No question, the project budget is critical. Customer funding is based on it, project success is derived from how closely you manage to it, and without it you can’t perform any work on the engagement.
Properly pricing the project – properly estimating the costs that go into the project – is critical for any size engagement. Therefore, it’s always a good time to examine and discuss the elements that go into the overall project budget because as a project manager, you may – if you’re lucky – have some influence of the inputs to the project costs and budget. And it’s a certainty that you’ll be responsible for it – even if you had no input at the beginning of the engagement.
For this project budgeting series, let’s examine the key types of costs that go into the project budget.
The people costs
These are the costs associated with the personnel on the project. They include salaries and the cost of benefits (such as vacation time and health insurance) if they apply. Employee or contractor salaries and expenses are one of the biggest budget items on any project. If you happen to be working for a nonprofit company that is using all volunteers to complete the project work, your salary expenses may be smaller, but you’ll still probably have expenses for subject matter expertise, contractors, the project manager’s salary, and so on.
The administrative costs
Administrative costs are the everyday costs that support the work of the project but are not necessarily directly related to a specific task on the project. Phone expense, copier paper, heating expenses, and support personnel are examples of administrative costs. Project teams have to work and meet somewhere, so that means that there is some sort of facilities expense in the form of rent, lease, or mortgage payments. If the building or facility was leased or purchased specifically for the project, it would be classified as a project cost instead of an administrative cost.
Project resource costs
Resource and project costs include things such as materials needed for specific tasks, equipment leases, travel expenses, and so on. These expenses are specific to the project. For example, if the project consists of building an office building in a prime downtown location, you’ll need the use of a crane during the early phases of the construction to lift the steel beams and other. Resource costs are typically the largest expense for construction projects, and estimating these costs will require research by the project manager and team.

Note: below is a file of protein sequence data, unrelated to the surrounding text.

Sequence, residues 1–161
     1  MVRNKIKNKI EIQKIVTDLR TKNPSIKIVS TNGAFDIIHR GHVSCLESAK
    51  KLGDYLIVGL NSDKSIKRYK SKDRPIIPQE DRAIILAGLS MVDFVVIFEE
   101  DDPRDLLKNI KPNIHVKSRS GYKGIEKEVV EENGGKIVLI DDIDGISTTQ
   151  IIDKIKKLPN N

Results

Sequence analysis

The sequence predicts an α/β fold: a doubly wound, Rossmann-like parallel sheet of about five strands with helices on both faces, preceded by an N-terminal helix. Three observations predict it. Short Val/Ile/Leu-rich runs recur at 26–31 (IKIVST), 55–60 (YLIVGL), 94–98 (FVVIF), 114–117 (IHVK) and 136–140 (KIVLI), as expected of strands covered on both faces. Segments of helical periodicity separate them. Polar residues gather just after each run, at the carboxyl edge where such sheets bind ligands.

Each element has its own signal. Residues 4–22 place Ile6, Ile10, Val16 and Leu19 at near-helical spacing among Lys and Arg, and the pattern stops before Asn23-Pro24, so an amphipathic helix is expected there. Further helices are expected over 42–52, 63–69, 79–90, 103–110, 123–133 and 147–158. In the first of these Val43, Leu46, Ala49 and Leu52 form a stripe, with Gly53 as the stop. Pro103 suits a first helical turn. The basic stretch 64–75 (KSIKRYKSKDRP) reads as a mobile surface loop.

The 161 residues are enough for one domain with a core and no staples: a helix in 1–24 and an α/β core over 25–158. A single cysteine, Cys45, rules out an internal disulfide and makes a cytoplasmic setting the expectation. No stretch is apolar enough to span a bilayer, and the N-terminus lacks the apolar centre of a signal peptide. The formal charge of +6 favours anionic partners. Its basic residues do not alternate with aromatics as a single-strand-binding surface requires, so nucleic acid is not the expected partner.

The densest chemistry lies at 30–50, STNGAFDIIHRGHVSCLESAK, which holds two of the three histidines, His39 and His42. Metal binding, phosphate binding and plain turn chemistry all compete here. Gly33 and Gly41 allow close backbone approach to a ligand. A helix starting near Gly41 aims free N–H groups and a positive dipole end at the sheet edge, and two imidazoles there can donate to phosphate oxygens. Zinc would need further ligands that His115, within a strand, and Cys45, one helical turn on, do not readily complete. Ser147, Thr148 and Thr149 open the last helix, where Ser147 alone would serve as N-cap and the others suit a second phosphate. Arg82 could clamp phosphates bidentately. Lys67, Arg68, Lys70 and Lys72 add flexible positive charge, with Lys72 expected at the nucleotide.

If you as the project manager have initial budget input or responsibility for creating the initial project budget, then careful examination of each of these categories will help you come up with a reasonable budget for the project. If not, being aware will help you identify what may have been missed and it will certainly help you as you manage the project budget on an ongoing basis throughout the engagement.
Direct costs vs. indirect costs
In addition to the three categories of project costs we discussed above, there are also two types of costs: direct and indirect costs. Direct costs include costs such as salaries, equipment rentals, software, and training for team members. Any cost that can be directly attributed to project work is a direct cost.
Direct costs = Cost specifically related to the work of the project.
Indirect costs are not specific to the project. When your project team works with other members of the organization who are not working on the project in the same building, things like the lease cost of the building would be considered an indirect cost because it is not specifically related to the project. Another indirect costs would be administrative staff who will be assisting you with project activities but aren’t assigned specific project tasks themselves.
Indirect costs = Costs associated with the project but not directly related to the work of the project.
Each organization is different, so work with accounting to see how indirect costs should be handled in your project budget.
Gather the docs
The first step in creating the project budget is to gather all the planning documents for reference. You will want to start with a review of the project goals and deliverables for obvious budget expenses. Next, take a look at the task list, the WBS, anything task-wise that you can get your hands on. Record tasks or items that will have costs associated with them on your list. Reviewing the project schedule and associated tasks at this point with your team will help a lot in drafting the overall project budget. But don’t forget to include equipment rentals, facilities, and material expenses associated with tasks and WBS elements.
The budgeting process
The process for creating the budget is similar to identifying the resource requirements and creating the project schedule. Review the planning documents to uncover all the materials and resources you’ll need, estimate their costs, record them in the budget, and finally get approval of the budget. Here are the steps you’ll follow to get your budget process rolling:
- Review the planning documents
- Create cost estimates and integrate them with the project schedule
- Submit the budget for approval to the project sponsor or project committee
- Notify the appropriate project team members and stakeholders when the budget is approved
- Once complete, review the budget every week of the project for needed revisions and accuracies against actuals
As the project manager, you should go into the project fully equipped to execute the project based on the resources available. In order to accomplish this you need an accurate budget to use as your guideline. This will allow you to manage it better on a week-to-week basis and keep all stakeholders properly informed of the project budget status. It’s not an easy process, but my maintaining control of the budget you’ll have better control of the project.